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Mr. Wesley. And the same attention upon our part will not fail, under any ordinary circumstances, to secure to us at least respectable qualifications for the work. But, alas! how few of us, my brethren, strictly adhere to them? In consequence of this, irregularity, an attention to our official duties consumes all our time, and we have none left for study.

It is indeed cause of great joy and gratitude to the great Head of the Church, that he has thrust the Methodist preachers into so many open doors, and has rendered them the instruments of so much good. But there are new doors daily opening, that we shall not be able to enter, but which will be entered by others, unless the literary character of our ministry generally assume more elevated ground. In order to this a spirit of emulation and enterprise, upon the subject of literature, must be diffused through the whole mass! (And that this will soon be the case, if I am not mistaken, there is daily and increasing evidence.) And if it should not be judged best speedily to enter upon some new and well-concerted project for the more rapid and thorough training of our young preachers, we must make the very best use of the means we have already in operation, and the plans we have already on foot must be followed up with system and energy. Unless this is the case we cannot rationally indulge the hope that we shall be able to meet the expectations of the American public, or fill the sphere of action to which we are evidently called by the providence of God.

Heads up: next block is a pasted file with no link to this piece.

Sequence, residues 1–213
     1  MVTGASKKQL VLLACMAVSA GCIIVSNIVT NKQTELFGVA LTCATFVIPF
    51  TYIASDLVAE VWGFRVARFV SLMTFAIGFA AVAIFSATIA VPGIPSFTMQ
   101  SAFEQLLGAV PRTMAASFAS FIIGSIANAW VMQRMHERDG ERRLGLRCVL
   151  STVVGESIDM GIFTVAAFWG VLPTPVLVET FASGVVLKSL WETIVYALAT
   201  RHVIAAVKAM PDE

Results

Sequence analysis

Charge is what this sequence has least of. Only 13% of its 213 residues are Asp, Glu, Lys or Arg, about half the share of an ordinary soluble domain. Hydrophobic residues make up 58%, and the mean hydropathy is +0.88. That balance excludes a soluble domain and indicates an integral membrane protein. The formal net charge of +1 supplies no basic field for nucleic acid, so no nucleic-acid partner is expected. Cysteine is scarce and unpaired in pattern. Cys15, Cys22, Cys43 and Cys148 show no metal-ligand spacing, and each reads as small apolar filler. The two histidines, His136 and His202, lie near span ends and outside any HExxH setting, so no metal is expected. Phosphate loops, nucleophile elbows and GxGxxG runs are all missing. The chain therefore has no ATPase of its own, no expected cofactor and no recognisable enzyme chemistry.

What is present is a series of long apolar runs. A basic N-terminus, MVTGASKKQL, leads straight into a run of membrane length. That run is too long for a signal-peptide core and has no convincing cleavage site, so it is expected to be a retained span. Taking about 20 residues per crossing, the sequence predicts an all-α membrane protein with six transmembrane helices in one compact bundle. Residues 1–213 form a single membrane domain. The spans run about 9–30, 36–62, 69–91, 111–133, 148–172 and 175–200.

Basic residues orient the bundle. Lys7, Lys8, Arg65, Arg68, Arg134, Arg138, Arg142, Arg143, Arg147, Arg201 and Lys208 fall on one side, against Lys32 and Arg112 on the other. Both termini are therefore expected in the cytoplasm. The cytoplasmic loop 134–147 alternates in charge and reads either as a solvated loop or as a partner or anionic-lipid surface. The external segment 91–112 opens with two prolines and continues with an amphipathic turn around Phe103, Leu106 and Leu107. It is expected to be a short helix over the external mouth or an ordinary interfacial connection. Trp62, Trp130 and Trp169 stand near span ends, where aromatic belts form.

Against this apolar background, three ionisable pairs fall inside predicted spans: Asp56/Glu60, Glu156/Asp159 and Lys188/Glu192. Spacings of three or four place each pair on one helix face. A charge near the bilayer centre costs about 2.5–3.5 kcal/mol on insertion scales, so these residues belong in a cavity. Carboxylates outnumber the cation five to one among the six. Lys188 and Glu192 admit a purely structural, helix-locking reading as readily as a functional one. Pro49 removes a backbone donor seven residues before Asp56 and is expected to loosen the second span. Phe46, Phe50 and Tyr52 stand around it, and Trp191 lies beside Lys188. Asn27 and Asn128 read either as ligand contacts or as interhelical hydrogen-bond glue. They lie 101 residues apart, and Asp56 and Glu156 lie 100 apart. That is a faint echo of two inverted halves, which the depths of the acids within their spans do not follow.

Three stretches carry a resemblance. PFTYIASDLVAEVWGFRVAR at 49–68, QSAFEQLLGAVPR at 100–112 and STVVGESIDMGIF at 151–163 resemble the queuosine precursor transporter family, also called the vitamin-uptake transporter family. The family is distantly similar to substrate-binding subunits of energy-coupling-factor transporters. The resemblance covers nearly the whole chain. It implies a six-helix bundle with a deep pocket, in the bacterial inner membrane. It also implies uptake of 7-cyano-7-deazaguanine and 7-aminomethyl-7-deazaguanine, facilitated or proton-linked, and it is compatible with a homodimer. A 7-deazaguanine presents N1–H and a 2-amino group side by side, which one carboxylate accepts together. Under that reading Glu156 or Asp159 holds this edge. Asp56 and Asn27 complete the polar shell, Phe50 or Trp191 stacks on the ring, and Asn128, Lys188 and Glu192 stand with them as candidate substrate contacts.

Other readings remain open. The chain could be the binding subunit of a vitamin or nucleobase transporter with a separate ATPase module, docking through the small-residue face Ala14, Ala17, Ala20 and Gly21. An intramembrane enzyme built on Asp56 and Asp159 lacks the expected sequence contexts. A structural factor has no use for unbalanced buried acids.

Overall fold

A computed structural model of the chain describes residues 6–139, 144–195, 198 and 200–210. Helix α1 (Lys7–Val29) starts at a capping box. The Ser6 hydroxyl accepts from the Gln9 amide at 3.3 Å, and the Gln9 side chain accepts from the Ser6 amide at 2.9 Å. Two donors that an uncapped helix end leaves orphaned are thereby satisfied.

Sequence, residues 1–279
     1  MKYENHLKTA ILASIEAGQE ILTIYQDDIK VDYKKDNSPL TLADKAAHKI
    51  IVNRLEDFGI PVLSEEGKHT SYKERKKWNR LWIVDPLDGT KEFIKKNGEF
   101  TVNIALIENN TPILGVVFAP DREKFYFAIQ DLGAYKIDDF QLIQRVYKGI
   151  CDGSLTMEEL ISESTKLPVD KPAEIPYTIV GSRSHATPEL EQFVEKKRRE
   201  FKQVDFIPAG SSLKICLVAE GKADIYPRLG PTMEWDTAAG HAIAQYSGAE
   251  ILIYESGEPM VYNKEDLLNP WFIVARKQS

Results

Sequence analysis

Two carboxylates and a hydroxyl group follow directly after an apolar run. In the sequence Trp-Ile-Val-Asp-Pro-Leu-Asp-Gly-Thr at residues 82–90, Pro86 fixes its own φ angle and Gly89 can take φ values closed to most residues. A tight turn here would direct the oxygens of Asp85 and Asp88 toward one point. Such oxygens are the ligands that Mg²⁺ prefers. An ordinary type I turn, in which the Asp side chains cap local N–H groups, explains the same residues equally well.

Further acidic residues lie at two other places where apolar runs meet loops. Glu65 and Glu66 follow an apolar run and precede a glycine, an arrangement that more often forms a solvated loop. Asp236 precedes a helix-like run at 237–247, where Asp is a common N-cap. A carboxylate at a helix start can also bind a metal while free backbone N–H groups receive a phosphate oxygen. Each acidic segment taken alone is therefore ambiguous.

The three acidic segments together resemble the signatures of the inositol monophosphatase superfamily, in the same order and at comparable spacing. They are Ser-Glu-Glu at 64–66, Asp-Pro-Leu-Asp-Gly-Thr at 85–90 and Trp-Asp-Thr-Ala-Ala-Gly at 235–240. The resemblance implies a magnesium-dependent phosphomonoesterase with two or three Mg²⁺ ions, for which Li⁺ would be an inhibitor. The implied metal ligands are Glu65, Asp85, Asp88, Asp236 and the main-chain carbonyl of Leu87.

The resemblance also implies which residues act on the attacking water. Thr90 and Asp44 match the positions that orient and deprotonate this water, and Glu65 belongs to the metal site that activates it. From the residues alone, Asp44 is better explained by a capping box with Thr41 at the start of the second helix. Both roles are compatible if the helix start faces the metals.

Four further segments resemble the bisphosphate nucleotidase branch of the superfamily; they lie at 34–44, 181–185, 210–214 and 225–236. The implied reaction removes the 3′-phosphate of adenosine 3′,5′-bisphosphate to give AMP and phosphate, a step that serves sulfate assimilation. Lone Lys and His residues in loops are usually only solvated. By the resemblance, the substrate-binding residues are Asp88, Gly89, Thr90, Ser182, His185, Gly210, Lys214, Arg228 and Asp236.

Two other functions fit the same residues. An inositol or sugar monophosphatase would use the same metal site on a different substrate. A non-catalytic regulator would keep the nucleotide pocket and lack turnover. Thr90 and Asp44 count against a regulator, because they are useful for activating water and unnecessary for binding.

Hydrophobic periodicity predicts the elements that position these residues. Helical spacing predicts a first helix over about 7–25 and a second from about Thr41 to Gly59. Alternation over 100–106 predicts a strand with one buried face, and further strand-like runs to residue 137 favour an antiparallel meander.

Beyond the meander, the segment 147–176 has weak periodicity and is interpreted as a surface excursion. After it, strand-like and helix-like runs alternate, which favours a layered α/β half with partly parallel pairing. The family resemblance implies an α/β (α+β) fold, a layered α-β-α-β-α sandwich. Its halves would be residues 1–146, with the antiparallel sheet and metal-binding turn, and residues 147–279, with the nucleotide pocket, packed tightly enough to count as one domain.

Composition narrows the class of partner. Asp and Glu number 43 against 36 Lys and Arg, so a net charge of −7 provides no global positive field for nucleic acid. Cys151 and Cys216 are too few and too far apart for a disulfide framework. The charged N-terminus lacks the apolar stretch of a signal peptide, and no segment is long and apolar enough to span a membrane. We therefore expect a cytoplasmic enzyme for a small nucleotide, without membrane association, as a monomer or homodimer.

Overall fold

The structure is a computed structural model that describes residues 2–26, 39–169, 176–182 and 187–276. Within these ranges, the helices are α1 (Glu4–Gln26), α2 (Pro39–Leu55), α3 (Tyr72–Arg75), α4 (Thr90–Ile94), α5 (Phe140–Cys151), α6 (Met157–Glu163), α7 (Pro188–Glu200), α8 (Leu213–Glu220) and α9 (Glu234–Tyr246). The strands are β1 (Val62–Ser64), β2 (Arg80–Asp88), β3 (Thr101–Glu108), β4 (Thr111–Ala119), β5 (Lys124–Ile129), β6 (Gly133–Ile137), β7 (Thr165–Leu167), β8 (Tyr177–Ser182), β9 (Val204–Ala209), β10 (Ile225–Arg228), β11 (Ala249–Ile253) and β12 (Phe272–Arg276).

IV. The fourth cause of the evil complained of which I shall notice, is the want of method in reading and study. Some pursue no method at all. They read just as the fit takes them, and any book that may chance to fall in their way. They read no book regularly, but a little in this and a little in that, and finally know little or nothing about any. Ask such a man whether he has read the most common work, and he will probably answer, "I have read a part of it." But if such readers get through a work, it is in so desultory a manner that they can give little account of what it contains. A book that is worth any more attention than barely to look over the table of contents, in most cases, should be thoroughly read. And very few books which we do not intend to study, as well as read entirely through, should occupy our attention for an hour after gaining a general idea of their contents. To this observation, however, I should of course except all works of reference. But he that would read to purpose must not only read diligently, but he must read methodically. He must always have a book on hand which he is reading and studying by course.